Army National Guard forces in the Continental U.S., Puerto Rico and the Virgin Islands, when not federalized, are under the command and control of The Adjutant General of their respective states, territories, and the District of Columbia. FORSCOM provides them training support and oversight. These forces include eight combat divisions, 14 of 15 enhanced separate brigades, two of three strategic reserve brigades, Weapons of Mass Destruction - Civil Support Teams, and extensive combat support and combat service support units. Upon mobilization, FORSCOM assumes command and control of mobilized units through deployment.
The US Army Forces Command (FORSCOM) was activated on July 1, 1973 as part of operation STEADFAST, a reorganization of the Army's major commands (MACOMs). On July 1, 1973 the Continental Army Command (CONARC) was inactivated and replaced with FORSCOM and the US Army Training and Doctrine Command (TRADOC). The former moved to Fort McPherson, GA, where it displaced Third US Army, which inactivated on Oct. 1, 1973. TRADOC remained at Fort Monroe, Va. FORSCOM, now the Army's largest MACOM, was responsible for the training and combat readiness for all active Army forces and USAR units in CONUS to include Alaska, the US Virgin Islands, and Puerto Rico. FORSCOM also advised and oversaw the training of Army National Guard units but had direct control of these units only when they were called to active duty. On Dec. 1, 1982, Third US Army was activated as one of FORSCOM's major subordinate units, becoming the Army component of the US Central Command. The Third US Army commander was also the Deputy Commander (or Deputy CINC when a joint command) FORSCOM.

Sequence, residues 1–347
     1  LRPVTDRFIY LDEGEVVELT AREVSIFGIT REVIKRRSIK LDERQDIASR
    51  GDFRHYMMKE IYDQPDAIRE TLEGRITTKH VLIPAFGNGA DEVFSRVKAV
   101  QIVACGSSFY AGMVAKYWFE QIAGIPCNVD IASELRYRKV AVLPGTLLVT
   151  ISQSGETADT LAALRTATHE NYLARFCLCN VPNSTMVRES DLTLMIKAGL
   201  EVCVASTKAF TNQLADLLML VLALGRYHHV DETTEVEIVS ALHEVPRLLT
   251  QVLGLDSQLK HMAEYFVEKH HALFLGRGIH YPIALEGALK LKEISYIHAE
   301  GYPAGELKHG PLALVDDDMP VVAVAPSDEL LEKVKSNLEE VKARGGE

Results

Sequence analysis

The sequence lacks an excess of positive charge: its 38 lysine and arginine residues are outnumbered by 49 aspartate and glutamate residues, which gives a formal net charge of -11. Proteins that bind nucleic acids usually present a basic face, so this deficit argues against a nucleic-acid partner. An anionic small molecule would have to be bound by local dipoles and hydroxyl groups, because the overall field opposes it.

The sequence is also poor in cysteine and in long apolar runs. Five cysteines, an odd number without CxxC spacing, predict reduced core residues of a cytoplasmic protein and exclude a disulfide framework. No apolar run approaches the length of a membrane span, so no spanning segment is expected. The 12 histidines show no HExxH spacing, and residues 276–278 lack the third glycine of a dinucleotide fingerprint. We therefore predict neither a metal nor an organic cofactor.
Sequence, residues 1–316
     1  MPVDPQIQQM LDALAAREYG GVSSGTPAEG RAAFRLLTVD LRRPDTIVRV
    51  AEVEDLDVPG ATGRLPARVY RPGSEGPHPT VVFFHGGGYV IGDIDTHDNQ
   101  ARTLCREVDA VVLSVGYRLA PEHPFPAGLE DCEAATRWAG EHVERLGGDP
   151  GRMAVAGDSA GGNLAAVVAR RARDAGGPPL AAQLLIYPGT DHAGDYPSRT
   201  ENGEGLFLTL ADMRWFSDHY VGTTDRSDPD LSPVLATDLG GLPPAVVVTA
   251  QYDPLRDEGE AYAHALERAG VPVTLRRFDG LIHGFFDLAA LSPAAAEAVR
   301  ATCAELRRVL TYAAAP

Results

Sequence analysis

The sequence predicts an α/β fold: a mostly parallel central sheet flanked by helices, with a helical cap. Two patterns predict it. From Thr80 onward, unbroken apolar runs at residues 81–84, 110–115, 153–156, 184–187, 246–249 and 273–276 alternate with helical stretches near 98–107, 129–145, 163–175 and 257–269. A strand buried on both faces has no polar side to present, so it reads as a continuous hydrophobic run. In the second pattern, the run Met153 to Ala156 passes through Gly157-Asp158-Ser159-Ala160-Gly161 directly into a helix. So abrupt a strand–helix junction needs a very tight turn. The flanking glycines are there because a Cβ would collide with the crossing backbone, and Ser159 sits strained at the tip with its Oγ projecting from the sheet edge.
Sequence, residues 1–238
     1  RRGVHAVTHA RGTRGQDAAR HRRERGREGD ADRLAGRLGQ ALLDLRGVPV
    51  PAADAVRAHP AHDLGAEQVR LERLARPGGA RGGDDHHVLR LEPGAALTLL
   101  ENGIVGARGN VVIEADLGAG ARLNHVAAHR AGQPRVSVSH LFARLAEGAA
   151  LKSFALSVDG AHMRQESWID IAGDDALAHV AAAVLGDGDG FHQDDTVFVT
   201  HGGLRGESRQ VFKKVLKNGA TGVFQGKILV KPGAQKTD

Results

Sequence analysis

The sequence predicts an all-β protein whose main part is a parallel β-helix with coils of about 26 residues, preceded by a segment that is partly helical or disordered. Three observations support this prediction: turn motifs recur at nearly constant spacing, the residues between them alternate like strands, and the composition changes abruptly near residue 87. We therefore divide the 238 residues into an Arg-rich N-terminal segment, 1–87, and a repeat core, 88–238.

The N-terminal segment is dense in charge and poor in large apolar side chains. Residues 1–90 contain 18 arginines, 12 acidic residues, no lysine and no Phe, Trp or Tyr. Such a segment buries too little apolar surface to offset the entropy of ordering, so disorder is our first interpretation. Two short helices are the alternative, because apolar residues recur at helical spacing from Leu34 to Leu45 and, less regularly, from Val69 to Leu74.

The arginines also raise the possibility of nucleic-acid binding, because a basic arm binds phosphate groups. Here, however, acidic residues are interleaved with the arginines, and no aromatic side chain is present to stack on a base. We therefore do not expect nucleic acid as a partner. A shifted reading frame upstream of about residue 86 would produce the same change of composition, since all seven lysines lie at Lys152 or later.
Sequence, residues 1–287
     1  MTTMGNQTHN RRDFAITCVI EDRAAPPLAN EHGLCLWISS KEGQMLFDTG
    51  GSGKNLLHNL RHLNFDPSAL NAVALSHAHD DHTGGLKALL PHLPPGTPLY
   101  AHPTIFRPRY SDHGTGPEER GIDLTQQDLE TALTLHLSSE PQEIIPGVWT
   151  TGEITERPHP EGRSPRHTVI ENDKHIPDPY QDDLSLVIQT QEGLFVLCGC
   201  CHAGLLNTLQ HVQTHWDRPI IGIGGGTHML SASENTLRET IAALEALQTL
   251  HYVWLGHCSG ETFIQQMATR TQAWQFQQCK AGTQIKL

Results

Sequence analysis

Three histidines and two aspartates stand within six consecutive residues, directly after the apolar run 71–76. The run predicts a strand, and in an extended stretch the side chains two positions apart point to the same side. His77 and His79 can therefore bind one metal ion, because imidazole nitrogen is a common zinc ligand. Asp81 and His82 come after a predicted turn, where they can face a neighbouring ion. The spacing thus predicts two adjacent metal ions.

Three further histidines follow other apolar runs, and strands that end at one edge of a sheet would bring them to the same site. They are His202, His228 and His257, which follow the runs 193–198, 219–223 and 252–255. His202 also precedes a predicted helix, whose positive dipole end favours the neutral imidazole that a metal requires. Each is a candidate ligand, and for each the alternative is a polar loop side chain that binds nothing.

On Oct.11, 1983, ground breaking ceremonies were held for the construction of a new command and control building, to be called Marshall Hall after the great Army Chief of Staff, General George C. Marshall. HQ FORSCOM had outgrown the 54 WWI and WW II, mostly temporary wooden buildings that the staff worked in. On July 1, 1987, as the result of the DOD reorganization directed by the Goldwater-Nichols Act, FORSCOM became a specified command. Among the new missions imposed were the planning and conduct of joint exercises, providing a general reserve of deployable Army forces to reinforce other commands as directed, and conduct joint training and exercises as appropriate. The command was also responsible for the defense of CONUS and planning common defense with the Canadians. On July 26, 1988, Marshall Hall was dedicated as the new FORSCOM command and control facility. The 356,000 square-foot building covers five acres and can house up to 2,000 military and civilian employees.
On Oct.1, 1990, the US Army Reserve Command (USARC) was established as a major subordinate command of FORSCOM. USARC has broad responsibility and authority over the day-to-day running of the USAR. On Oct. 1, 1993, FORSCOM ceased being a specified command and reverted to MACOM status simultaneously becoming the Army component of US Atlantic Command (ACOM). While FORSCOM remained the Army's largest MACOM it lost some planning and other functions to ACOM while picking up several others. FORSCOM was responsible for all US involvement in UN peacekeeping operations, responding to natural disasters within CONUS, planning for the land defense of CONUS, and working to improve joint tactics, techniques, and procedures. As part of the latter responsibility, ACOM was responsible for all joint training in CONUS. FORSCOM was also responsible for both devising force packages for contingencies and deploying these to other commands during times of crisis.
On Oct. 1, 1996, HQDA put the US Army Signal Command (ASC) under FORSCOM as a major subordinate command. The ASC provided all the strategic signal support to unified and Army component commanders in both war and peace. The ASC Commander became "dual-hatted" as the FORSCOM Signal Officer (G6). HQ ASC remained at Fort Huachuca with additional staff at HQ FORSCOM to handle signal efforts here.